Previously a field service manager for Ford Motor Company, a career that allowed him to visit breweries all over the country, he’s married to a former music teacher with whom he shares a love of music – hence the brewery’s name. To gain experience on how to run a taproom he’s been working at Salem Beer Works, but says his brewery will have a different feel. “We’ll take inspiration from popular songs for some of the beer names, and try to be true to the Backbeat theme by doing things a little differently,” Harkins explained. Rather than focus strictly on the NE IPAs for example, he plans to brew a variety of styles. “We’ll have some killer IPAs and Pale Ales,” he says, “but our go-to beer will be a House Lager, and I hope to perfect other underrepresented styles like an English Bitter or a German Pilsner.”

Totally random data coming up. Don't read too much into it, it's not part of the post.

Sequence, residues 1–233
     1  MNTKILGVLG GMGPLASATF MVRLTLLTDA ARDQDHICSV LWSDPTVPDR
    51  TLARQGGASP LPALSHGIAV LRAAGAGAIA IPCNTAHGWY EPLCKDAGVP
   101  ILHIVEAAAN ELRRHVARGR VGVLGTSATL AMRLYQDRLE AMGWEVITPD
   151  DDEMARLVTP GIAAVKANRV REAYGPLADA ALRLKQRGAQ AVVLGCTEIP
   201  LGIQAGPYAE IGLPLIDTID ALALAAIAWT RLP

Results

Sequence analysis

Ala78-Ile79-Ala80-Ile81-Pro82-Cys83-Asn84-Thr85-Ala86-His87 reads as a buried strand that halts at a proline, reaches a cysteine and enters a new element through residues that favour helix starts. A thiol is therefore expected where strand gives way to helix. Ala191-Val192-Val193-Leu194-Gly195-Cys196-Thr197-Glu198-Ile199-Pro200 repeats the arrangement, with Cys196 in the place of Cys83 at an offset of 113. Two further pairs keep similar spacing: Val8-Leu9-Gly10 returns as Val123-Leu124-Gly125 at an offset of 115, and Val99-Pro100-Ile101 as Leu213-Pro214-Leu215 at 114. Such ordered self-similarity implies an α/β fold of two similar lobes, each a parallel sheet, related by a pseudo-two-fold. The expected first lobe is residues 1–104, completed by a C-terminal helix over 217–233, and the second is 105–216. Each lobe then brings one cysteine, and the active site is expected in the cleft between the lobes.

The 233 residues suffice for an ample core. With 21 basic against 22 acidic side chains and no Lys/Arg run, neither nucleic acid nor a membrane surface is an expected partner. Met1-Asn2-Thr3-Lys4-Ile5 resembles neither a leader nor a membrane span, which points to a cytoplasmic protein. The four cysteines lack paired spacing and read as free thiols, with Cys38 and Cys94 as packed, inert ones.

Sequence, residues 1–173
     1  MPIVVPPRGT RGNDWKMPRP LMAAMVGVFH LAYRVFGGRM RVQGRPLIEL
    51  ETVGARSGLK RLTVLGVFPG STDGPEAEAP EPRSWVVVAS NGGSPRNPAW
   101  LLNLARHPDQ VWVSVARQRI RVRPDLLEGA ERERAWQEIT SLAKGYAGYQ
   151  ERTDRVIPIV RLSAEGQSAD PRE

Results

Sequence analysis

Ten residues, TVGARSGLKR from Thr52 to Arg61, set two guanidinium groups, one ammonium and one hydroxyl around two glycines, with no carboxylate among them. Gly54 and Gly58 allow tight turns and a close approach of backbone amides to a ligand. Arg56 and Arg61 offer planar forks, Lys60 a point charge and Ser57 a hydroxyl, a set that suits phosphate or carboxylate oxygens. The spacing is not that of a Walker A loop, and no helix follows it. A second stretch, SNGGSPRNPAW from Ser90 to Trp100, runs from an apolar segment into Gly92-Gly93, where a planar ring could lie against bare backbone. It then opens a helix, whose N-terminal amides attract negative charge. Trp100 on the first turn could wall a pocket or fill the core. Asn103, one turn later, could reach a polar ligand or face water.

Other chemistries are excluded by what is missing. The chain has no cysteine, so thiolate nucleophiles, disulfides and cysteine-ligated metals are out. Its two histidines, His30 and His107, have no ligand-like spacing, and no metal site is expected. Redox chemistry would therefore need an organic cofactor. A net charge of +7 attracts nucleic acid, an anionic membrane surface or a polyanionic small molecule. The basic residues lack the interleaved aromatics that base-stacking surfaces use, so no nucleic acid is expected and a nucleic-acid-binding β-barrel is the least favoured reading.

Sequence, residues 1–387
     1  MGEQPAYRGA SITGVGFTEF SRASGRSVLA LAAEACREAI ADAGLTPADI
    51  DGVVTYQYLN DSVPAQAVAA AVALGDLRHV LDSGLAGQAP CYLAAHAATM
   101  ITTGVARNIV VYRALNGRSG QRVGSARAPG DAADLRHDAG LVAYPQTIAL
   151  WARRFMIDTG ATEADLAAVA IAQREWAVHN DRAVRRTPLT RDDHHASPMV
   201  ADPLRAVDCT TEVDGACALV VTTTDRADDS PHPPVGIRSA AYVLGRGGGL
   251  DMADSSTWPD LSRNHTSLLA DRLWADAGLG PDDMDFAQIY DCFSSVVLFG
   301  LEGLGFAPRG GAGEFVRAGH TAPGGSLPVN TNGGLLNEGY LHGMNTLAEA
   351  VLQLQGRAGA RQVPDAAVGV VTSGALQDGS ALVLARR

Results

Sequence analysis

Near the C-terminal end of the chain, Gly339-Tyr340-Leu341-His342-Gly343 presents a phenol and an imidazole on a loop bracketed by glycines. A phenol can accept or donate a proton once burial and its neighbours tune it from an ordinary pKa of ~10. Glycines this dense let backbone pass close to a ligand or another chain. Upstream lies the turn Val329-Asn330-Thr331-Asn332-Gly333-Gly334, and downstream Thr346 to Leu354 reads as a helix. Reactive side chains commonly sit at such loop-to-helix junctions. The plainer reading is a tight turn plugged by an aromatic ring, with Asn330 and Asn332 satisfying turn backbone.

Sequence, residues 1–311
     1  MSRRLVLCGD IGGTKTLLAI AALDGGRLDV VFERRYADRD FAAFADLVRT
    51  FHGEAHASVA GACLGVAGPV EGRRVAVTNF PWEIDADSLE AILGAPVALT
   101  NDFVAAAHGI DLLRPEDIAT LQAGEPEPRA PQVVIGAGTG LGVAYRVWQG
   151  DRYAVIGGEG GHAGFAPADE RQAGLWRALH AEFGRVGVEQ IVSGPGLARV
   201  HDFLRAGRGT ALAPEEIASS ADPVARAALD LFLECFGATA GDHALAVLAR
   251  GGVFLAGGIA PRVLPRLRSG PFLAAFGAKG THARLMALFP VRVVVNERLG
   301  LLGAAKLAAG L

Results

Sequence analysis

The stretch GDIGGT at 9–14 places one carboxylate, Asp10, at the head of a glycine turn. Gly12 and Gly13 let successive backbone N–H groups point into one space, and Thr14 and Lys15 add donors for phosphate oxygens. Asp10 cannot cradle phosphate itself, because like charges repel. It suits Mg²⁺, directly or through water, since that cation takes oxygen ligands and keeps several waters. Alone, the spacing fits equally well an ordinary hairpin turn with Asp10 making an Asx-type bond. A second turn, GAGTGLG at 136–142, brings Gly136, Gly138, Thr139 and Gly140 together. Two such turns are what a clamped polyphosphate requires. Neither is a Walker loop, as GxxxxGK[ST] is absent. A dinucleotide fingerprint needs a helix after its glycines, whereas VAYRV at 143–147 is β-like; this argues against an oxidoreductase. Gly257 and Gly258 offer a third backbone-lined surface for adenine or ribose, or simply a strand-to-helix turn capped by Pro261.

If it’s a brewery that does specialize in hazy, hoppy beers you want, then navigate to the other end of Rantoul Street where Channel Marker Brewing, who we wrote about earlier this summer, has taken up residence in the Porter Mill Building. Co-founders Justin Negrotti, Tim Corcoran, and Jake Crandell (they’re all townies too) have already received their federal and state licenses and the buildout of their cozy 44-seat taproom begins today. They are targeting a December opening.